New Research Suggests Government Spending Can Spread Happiness

Want your citizens to be content? Try allocating tax dollars to roads, parks, and libraries.
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New research reports that Americans are more satisfied with their lives when their state spends more on public goods.

It's a truism of American politics: Voters resent paying taxes because they don't trust the government to spend money wisely. For progressives who would love to implement programs like Medicare for All, this is a major challenge: How can you convince citizens that government can make a positive difference in their lives?

New research points to a promising approach. It reports that Americans are more satisfied with their lives when their state generously allocates money for public goods—tangible things like police protection, pothole-free highways, and well-maintained public parks.

"The most relevant choice facing governments at the state and local level is not necessarily how much or little to spend in total, but how to prioritize and allocate spending across different categories, given their budget constraints," writes Baylor University political scientist Patrick Flavin.

His study suggests that, to maximize residents' happiness, state and local governments should focus on the sorts of services that citizens utilize in their day-to-day lives.

For the study, in the journal Social Science Research, Flavin used data from the General Social Survey for the years 1976 through 2006. He focused on a single question: "Taken all together, how would you say things are these days—would you say that you are very happy, pretty happy, or not too happy?"

For each year, he calculated average answers for each of the 50 states. He then compared those averages with the levels of state spending (as a percentage of the total economy) on five items: libraries, parks and recreation, natural resources, highways, and police protection.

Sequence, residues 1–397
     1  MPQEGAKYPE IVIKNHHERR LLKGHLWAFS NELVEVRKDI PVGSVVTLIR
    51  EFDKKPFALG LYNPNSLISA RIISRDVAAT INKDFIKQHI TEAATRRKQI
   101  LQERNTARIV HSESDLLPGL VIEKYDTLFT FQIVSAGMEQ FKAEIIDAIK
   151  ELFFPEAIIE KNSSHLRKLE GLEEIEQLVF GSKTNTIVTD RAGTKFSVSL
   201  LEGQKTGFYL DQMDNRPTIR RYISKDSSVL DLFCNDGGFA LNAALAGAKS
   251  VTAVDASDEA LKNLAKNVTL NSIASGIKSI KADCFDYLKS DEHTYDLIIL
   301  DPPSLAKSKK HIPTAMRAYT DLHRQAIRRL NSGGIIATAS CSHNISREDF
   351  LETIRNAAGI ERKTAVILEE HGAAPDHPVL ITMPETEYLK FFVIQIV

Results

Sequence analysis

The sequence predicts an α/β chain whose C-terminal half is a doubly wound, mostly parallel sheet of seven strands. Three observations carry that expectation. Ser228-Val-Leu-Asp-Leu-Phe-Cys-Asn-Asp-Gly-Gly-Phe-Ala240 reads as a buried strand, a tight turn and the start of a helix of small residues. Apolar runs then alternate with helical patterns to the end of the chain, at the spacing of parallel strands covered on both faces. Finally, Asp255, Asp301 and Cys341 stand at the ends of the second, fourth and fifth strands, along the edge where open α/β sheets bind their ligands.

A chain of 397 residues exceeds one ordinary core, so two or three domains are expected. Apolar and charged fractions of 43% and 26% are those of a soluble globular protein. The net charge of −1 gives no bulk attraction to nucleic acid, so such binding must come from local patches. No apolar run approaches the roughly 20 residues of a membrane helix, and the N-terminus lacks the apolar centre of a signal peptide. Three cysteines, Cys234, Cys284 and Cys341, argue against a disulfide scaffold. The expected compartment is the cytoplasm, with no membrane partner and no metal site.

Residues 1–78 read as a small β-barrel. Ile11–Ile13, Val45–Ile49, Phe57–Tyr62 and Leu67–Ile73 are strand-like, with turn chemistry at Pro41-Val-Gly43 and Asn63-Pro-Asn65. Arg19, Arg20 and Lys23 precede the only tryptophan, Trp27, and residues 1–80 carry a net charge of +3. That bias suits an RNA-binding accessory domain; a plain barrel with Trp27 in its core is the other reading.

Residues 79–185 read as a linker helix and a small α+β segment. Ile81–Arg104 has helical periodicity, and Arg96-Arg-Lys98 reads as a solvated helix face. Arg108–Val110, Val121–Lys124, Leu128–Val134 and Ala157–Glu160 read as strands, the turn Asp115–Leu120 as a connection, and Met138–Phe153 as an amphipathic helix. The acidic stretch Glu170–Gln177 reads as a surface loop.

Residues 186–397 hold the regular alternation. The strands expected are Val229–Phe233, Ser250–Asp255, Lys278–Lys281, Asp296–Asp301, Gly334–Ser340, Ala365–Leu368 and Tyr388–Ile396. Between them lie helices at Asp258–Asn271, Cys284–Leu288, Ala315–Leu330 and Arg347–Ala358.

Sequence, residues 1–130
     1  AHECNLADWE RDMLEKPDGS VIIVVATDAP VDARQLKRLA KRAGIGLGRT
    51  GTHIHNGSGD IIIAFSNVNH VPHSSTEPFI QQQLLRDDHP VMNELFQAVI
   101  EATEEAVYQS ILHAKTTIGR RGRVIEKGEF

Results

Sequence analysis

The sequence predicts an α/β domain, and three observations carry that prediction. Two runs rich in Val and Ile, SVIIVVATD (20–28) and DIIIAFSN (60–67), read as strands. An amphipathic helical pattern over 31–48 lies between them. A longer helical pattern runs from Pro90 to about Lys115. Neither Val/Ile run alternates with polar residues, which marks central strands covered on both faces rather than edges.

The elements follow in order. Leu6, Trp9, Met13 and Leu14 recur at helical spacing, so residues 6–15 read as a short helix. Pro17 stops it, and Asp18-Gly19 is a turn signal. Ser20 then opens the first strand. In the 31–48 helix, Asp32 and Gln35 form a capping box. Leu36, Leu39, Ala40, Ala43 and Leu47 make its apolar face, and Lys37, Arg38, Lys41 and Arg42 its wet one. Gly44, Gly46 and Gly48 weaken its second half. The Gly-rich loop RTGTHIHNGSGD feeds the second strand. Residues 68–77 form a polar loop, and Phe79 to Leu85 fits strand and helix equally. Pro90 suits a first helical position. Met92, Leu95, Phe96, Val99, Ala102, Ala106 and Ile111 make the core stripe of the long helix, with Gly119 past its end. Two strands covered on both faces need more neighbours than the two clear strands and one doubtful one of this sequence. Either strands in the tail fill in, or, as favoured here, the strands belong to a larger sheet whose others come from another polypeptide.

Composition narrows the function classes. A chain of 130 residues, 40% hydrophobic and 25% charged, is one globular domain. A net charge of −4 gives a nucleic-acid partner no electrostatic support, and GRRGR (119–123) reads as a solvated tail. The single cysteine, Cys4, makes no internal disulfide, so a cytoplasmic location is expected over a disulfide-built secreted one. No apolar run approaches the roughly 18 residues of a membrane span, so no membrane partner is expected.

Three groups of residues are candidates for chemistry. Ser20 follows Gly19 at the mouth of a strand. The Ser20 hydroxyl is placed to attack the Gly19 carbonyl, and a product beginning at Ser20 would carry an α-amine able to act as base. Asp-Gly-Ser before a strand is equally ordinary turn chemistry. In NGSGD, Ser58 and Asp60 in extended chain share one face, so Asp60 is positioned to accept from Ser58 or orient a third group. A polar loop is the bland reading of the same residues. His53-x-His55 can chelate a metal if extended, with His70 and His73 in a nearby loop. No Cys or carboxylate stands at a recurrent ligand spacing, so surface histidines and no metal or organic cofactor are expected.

After taking into account a range of personal factors (including employment and marital status, education, and income) and statewide statistics (such as the level of income inequality, and rates of economic growth and violent crime), Flavin found that "citizens report higher levels of happiness when they live in a state that devotes a greater amount of resources to providing for public goods."

This relationship "is substantively large and invariant across income, education, gender, and race/ethnicity lines," he adds, "indicating that [this type of[ spending has broad benefits across society."

In contrast, "This relationship does not hold for total government spending, or for programs that are not, strictly speaking, public goods, like education and welfare assistance for the poor." Such programs surely improve the lives of the people they serve, but they apparently don't affect satisfaction levels among the wider populace.

These results could be used to justify spending less money on priorities that only benefit specific constituencies. On the other hand, people who see that public-sector projects are improving their lives may feel less hostile toward government—and this recognition might reduce resistance to ambitious new proposals.

After all, as Flavin notes, public-works spending not only helps make communities more livable; it also "can help to boost levels of social connectedness among citizens," thanks to the public spaces it creates and maintains.

In these angry, polarized times, creating a happier, more connected citizenry is a lovely thought. And that may be as simple as providing every resident easy access to a safe, appealing park.

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